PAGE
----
The Dow hit a new record yesterday. With only two days left to go in the year, traders and investors are getting ready for 2007…adding the shares they want to own…snorting with confidence…chaffing at the bit to begin another run around the track.
The IMF says investors are ‘too complacent.’ We agree. That’s why we have issued our Crash Warning. Not that we know something is going to go wrong soon…it’s just that if something were to go wrong, a lot of people would be greatly inconvenienced. The are so many optimists…betting so heavily that things will continue as they have been…that the odds favor the contrarian, the naysayer, the pessismist, the crank doom and gloomer.
The typical investor owns stocks that are too expensive…compared to the dividend yield he receives. And the typical householder owes too much money to too many people – especially the people who’ve lent him money on his house. His house, too, is over-priced for what it is; if he had to rent it out, he’d never get enough money to cover his costs and give him a fair return on his capital.
But the news dribbles in day by day…and so far, the news is not bad. New house sales are greater than expected, according to the most recent report. So, investors and economists are beginning to think – as Alan Greenspan has proclaimed – that the worst of the housing slump is behind us.
‘The worst is behind us’ is a remarkably upbeat assessment. We turn our heads and we don’t see anything bad back there. Stocks have been hitting new highs…consumers are still spending…and even house prices are, officially, holding at their highs or even creeping up a little. If that’s the worst there is – well, bring it on!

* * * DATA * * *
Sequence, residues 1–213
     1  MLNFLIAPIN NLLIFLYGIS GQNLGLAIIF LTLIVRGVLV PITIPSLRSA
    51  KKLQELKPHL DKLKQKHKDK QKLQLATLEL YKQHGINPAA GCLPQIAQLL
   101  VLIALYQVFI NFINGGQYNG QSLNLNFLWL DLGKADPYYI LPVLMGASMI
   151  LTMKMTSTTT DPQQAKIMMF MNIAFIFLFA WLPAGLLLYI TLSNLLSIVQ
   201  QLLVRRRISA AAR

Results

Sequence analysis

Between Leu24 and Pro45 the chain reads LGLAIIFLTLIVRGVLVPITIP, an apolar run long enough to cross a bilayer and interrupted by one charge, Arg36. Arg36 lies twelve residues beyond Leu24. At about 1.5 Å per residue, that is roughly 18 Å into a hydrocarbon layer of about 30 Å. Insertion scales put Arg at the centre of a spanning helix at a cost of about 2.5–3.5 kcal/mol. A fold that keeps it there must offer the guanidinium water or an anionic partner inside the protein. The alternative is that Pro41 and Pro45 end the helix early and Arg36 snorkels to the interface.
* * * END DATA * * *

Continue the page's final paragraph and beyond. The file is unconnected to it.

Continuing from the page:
Oops…there, we’ve said it, haven’t we? Like George W. Bush, we’ve tempted the gods. Now, they will want to teach us a lesson; that there are some times when you don’t ‘muddle through.’ Most of the time, trends in motion tend to stay in motion. But not all the time. Sometimes, they stop and a new, different trend begins. That is when the gods ‘bring it on’ and give it to us good and hard. And that is when you discover that all those things that you thought were so smart, were too clever by half.
Who are the smartest people around today? Derivatives traders and hedge fund managers, of course. They’re the ones earning millions of dollars each year. They are building huge houses in the Hamptons and bidding up prices of Picassos. What do they do to earn so much money? What do they produce? What do they make that so improves others’ lives that they deserve to get filthy rich? Don’t bother to ask, dear reader. You won’t get a clear answer. Instead, you will be told that they ‘allocate capital’ or ‘arbitrage discrepancies’ in the modern capitalist system. What they are really doing, of course, is the same thing that people do in Las Vegas – they are gambling.
And as long as the pot is getting bigger…they will probably do all right.
John Succo, a hedge fund manager, addressed a letter to the New York Times, explaining: